Strict Definition of ‘Gigging’ Hampers Federal Study

(CN) – From apps that bring Chik-fil-A to your door, haul you to the airport in a Ford Focus and get Fido a walk while you’re at work, the surge of the gig economy is undeniable — putting a massive asterisk Thursday on a new report that shows a drop since 2005 in the number of Americans doing nontraditional work.

Counting only those workers who make gigging their full-time gig, and did so in the week they were surveyed, the Bureau of Labor Statistics released a report this morning that says just 5.9 million people, about 3.8 percent of all workers, made up what is known in bureaucratic speak as the contingent-job sector in May 2017.

A spokesman for the bureau confirmed that the numbers represent a statistically significant decline from what the bureau found before the terminology for the gig economy even existed. Back in 2005, the last time the bureau put out a “Contingent Worker Survey,” about 4 percent of workers reported temporary or short-term work as their primary job.

One number that remained unchanged in the last 13 years is the 10.1 percent of workers who reported “alternative work arrangements,” meaning they were independent contractors, on-call workers, temporary help agency workers or contractors.

Despite the survey’s limitations, the Future of Work Initiative lauded Thursday’s study as one of the most “rigorous” in the country on the issue of alternative work.

“What’s most important is that whoever’s running a survey or a study is very clear about what it is they’re measuring, and BLS tends to be very good at this,” Shelly Steward, research manager for the initiative, said in a phone interview.

“There’s not one answer that would provide us with a full picture of what’s going on in the labor market, but we need rigorous data that clearly identifies what it’s measuring,” Steward added.

Even without providing a full picture of all members of the gig economy, the initiative said the “Contingent Worker Survey” accesses hard-to-reach populations, has a national reach, is clearly worded and has a higher response rate than others.

Other groups to have studied nontraditional employment include the Freelancers Union and Upwork, which partner up every year for a report on the U.S. freelance industry. Their last study estimated that the majority of the U.S. workforce will be freelancers by 2027.

Informal workers face unique challenges, however, not the least of which are employment instability, low income and access to benefits like health insurance, sick time or retirement plans.

“We encourage BLS and other researchers to further explore how workers are supplementing their income with freelance or independent work as a complement to the data that was released today,” Alastair Fitzpayne, the Future of Work Initiative’s Executive Director, said in a statement Thursday.

Because studies can define gig differently, results tend to vary. While the bureau does not label all contingent workers as “gig worker,” a broader definition of “gig” found in other research has covered moonlighters, those who have rented their apartments on Airbnb and those who sell hand-knitted scarves at craft shows.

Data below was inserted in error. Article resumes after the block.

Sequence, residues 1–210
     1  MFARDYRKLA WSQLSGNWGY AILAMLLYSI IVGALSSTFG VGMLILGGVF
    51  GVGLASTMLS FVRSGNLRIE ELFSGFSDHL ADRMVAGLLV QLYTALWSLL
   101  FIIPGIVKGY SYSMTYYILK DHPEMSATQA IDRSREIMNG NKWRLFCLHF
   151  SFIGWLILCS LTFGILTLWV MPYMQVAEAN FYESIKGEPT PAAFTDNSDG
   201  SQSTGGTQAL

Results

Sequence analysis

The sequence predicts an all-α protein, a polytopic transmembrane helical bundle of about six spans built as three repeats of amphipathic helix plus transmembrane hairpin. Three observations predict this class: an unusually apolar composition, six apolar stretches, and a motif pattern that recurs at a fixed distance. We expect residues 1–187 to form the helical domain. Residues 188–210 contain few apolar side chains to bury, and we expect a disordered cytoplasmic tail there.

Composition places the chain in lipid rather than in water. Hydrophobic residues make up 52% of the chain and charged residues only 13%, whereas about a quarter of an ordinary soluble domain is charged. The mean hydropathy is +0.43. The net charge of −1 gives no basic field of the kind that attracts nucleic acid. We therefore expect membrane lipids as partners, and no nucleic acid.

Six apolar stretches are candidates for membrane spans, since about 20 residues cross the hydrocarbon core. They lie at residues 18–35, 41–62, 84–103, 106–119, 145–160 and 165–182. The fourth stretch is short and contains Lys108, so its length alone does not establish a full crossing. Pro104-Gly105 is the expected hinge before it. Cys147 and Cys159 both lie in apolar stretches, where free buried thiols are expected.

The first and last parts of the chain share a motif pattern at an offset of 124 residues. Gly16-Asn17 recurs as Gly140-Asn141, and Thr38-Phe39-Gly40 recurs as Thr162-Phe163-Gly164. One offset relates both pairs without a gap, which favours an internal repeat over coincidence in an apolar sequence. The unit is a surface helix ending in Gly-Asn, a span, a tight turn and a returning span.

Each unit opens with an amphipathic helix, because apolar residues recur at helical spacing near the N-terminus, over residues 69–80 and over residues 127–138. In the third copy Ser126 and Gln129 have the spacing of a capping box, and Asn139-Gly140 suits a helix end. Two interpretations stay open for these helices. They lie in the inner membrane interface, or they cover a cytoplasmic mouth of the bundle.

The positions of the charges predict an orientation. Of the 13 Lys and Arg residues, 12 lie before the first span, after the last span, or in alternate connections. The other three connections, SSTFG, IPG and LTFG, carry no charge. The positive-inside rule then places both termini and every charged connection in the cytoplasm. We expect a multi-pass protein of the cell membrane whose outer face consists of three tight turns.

The Aspen Institute’s Future of Work Initiative called Thursday’s survey “a starting point” but noted that the bureau left out people who use gigs for supplemental income or occasionally complete freelance tasks.

Many workers who rely on online platforms like Uber are also left out.

The initiative quoted a May report from the the Federal Reserve, which found that half of all people who do alternative work do so “to supplement another income source.”

Steward at the Future of Work Initiative noted that the bureau’s report Thursday should be studied with past research in mind.

“These other surveys tell us that [Thursday’s results are] not everything that’s going on,” Steward said.

At Upwork, the group that puts out the annual survey with the Freelancers Union, CEO Stephane Kasriel noted that Thursday’s study has flaws but is a welcome contribution to the field of research.

“The government is best positioned to help us understand this workforce — they have access to the most data,” Kasriel said in a statement. “And I think there will be recognition that they need to do more in the hopefully not distant future.”

Kasriel tweeted about the study as well: “Upwork hopes future CWS research delves deeper & wants to help.”

One finding of Thursday’s report highlighted by Seyfarth Shaw attorney Camille Olson was that “fewer than one in 10 independent contractors would prefer a traditional work arrangement.

About 79 percent of independent contractors prefer their work arrangement to traditional jobs, the bureau found.

“Not surprisingly, we see similar levels of satisfaction of those who participate in other forms of alternative work arrangements,” Olson said in a statement. “Still, the report clearly reveals continuing concerns over compensation and benefits which deserve further examination by our nation’s policymakers.”

The bureau did ask four additional questions addressing online work in a supplement to its survey but did not include them in Thursday’s release.

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